across all ticketing in the country, helped by a network of 1,800 points of sale including state-owned post offices. Although it is still to open full operations in Slovakia, Eventim is beginning to have an impact on the Slovakian market, thanks to the ambitions of its affiliate in neighbouring Austria. However, given the close proximity of the Slovak capital, Bratislava, with Vienna, many Eventim tickets sold in Slovakia tend to be for events across the border in Austria. was founded by Slovak Internet search engine Zoznam, which is owned by T-Mobile. Despite the parent company’s rebranding as T-com, Predpredaj is still able to use Zoznam’s power as a media partner. Real Something’s Tatiania Lehocká, a promoter and artist manager, observes, “Predpredaj. sk has increased the number of stores selling their tickets. It is now not just T-mobile stores, but music shops, bookshops, travel agencies and other places too – 149 physical outlets in total.” Among the smaller ticketing operations with a presence in Slovakia is Interticket (from Hungary). Prague-based Ticketstream had a small historic presence in the country, but has now shelved its Slovak operations. “Interticket is getting more clients,” comments Lehocká, “and there is also Ticket Art, which sells tickets for musicals, theatres, rock and pop concerts, and festivals. It is bigger in the Czech Republic, where it has over 500 physical outlets, but in Slovakia it has 100 stores.” DISTRIBUTION OF SALES Ticketportal’s Lucia Bočánková reports that the company is experiencing more growth in its white-label ticketing services than it did a year ago. “Online sales are growing, but with the delivery method of e-tickets, rather than mobile ticketing,” she reveals. Lehocká notes, “There are still fans who want to have a physical ticket, possibly with nice band or festival artwork, that they can keep as a souvenir. However, the print-at-home ticket option is constantly on the rise, because it is so convenient. Furthermore, people more often have their tickets only in their phones as a code (if it is an option).” SECONDARY TICKETING Bočánková comments, “The secondary-ticketing market does not cause any problems yet, but the question is how long?” Promoter Lehocká agrees, “There is still no secondary ticketing in Slovakia, where people are not used to sold-out shows. But I believe that because the biggest live acts do not play here, these secondary ticketing companies have no interest to come to Slovakia. If more of the biggest acts play here, I am sure they will show up.” TAXES AND CHARGES Booking fees in Slovakia are typically between 6-10%.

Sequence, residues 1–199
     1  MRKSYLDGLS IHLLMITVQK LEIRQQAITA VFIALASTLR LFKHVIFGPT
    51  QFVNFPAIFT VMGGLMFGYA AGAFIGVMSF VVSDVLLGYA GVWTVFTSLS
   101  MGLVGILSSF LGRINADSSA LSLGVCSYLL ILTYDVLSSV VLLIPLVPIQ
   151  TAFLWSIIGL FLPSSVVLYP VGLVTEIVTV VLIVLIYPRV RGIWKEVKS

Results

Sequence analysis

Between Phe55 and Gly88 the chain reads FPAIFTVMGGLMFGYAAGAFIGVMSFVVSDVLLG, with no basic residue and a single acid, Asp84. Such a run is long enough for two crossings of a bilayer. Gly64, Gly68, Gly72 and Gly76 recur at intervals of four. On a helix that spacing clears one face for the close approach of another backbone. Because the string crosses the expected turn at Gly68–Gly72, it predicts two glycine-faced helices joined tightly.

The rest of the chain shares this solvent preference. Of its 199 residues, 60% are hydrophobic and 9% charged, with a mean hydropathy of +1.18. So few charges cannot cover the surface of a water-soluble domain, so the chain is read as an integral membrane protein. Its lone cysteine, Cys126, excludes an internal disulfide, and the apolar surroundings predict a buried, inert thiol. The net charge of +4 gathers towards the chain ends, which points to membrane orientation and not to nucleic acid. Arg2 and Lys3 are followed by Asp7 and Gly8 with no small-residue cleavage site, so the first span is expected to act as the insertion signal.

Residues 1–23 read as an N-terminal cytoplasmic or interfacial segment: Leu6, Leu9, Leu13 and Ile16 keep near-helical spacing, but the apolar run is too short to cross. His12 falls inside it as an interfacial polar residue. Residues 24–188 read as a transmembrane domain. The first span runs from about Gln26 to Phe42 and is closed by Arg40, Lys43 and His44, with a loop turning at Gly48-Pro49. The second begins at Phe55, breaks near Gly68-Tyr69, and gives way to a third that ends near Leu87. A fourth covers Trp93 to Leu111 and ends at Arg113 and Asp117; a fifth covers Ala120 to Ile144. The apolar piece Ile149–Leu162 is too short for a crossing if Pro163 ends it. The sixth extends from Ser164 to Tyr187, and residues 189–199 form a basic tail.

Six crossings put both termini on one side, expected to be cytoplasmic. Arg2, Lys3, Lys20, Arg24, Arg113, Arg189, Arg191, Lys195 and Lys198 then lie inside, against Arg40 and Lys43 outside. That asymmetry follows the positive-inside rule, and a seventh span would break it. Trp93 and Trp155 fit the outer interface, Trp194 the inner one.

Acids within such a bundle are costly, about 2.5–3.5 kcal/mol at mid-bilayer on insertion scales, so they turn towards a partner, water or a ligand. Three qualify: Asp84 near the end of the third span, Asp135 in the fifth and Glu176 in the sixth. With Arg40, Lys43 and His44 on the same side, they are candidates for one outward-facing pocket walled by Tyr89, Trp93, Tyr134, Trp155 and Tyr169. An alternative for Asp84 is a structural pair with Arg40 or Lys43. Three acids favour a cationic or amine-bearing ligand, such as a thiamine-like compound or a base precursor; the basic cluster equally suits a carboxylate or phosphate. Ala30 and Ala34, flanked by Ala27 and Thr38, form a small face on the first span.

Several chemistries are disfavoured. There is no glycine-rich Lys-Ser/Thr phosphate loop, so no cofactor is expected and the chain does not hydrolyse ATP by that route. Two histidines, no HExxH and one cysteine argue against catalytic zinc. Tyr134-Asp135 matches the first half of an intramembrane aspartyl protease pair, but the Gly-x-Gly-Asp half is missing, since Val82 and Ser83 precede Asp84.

SOUTH AFRICA Languages: Zulu, Xhosa, Afrikaans, English, Sotho | Population (millions): 53.7 Currency: Rand | GDP/Capita (US$): 13,200 Internet Users (millions): 27.9 | Active Smartphones (millions): 26.3 Live music market 2015 (US$m): 87 | Projected live music market 2020 (US$m): 128